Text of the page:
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The second report now available in electronic format examines the origins and outcomes of The National Science Foundation’s Rural Systemic Initiative (RSI). Funded by an NSF grant and released by Turtle Mountain Community College in 2006, the monograph, Telling the Story, includes chapters by eight authors investigating the impact of the initiative, which worked to strengthen K-12 STEM education in underserved rural regions of America, including much of Indian Country.

The RSI is still remembered as a critical event in the history of the tribal colleges. For the first time, tribal colleges were entrusted to serve as lead institutions in a major NSF grant, which both validated their expertise and, at the same time, provided resources to the colleges that helped build their own STEM capacity. It was, argued report editor Dr. Loretta DeLong, “a once in a lifetime opportunity to apply for, administer, and implement a $10 million National Science Foundation Systemic Initiative.”

The report includes interviews with several NSF program officers and program directors who helped build the federal agency’s commitment to Native-serving colleges. While most of those early leaders are no long with the NSF, their work led to the formation of the NSF’s Tribal Colleges and Universities Program (TCUP). Dr. Jody Chase, who guided the RSI, now directs the two-decade old TCUP program.

The report includes a preface by the award-winning novelist Louise Erdrich, an enrolled member of the Turtle Mountain Band, who recalled applying for a teaching position at Turtle Mountain Community College in 1977. “I traveled to Belcourt to stay with my grandparents, and was interviewed by an unusually dedicated, smart and focused man named Carty Monette,” she said, recalling her interview with the college’s president. “We sat in his office, a room partitioned off from others in a complex of trailers and pre-fab houses carefully painted the TMCC beige-brown.”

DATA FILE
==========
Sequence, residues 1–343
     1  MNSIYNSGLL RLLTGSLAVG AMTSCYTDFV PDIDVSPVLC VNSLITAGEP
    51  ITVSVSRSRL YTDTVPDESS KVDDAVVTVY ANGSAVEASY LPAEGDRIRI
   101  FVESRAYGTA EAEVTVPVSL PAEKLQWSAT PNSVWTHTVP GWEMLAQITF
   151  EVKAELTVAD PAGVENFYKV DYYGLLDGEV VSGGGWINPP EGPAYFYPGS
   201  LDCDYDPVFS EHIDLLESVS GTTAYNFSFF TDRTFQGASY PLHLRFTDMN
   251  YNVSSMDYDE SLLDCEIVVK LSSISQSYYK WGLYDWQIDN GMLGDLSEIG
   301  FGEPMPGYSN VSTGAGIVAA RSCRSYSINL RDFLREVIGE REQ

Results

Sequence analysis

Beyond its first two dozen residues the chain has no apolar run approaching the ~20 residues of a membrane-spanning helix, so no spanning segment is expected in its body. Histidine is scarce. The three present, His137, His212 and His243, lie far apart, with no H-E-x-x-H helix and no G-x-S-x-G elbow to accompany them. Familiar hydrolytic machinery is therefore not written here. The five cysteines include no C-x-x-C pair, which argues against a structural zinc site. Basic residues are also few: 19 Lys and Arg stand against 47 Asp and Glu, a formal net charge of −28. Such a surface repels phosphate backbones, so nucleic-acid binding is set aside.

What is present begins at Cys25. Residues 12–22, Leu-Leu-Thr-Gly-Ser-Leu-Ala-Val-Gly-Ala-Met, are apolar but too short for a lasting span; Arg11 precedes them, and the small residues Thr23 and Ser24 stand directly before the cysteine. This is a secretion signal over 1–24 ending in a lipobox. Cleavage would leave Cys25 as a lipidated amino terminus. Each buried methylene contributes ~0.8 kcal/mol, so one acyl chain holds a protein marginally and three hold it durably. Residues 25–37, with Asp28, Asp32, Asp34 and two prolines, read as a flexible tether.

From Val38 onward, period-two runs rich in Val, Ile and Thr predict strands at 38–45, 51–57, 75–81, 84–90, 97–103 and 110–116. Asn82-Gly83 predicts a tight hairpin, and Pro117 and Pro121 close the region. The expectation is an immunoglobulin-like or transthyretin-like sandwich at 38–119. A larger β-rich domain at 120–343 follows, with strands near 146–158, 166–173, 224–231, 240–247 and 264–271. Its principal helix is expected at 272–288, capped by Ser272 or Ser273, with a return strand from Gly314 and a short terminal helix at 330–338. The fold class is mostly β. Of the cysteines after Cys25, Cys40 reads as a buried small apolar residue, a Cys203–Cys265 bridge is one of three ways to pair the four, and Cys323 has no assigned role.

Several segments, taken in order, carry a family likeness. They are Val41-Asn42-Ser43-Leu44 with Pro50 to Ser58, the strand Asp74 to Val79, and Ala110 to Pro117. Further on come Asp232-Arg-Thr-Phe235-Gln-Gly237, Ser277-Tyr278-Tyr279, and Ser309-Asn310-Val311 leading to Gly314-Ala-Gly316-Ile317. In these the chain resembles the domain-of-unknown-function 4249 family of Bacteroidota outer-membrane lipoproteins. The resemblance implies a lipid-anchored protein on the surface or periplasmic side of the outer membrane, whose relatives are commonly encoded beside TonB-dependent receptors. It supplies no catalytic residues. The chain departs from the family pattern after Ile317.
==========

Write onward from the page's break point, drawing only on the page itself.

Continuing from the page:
To the enrichment of American literature, Erdrich accepted a writing fellowship instead, allowing her to complete her first book, but she offered an eloquent summary of what tribally controlled education means in the modern era. “What tribal education really comes down to, I think, is a combination of community voice, shared history and family knowledge,” she wrote. “It is composed of an intricate combination of old and new.”

Both reports are now permanently archived in Native Science Report’s Resources page, where several other related documents can be found, including a monograph examining the outcomes of all RSI programs, including projects targeting Appalachia, Alaska, South Texas, and the Ozarks, among other regions of “persistent rural poverty.”

Native Science Report is grateful to the Carnegie Foundation and Turtle Mountain Community College for making the monographs available for digitization and electronic publication through our website. We believe both documents are critical documents in the history of tribal colleges and will be useful to scholars and anyone wishing to understand the origins of the tribal college movement.

Paul Boyer is editor of Native Science Report.

Story published January 31, 2022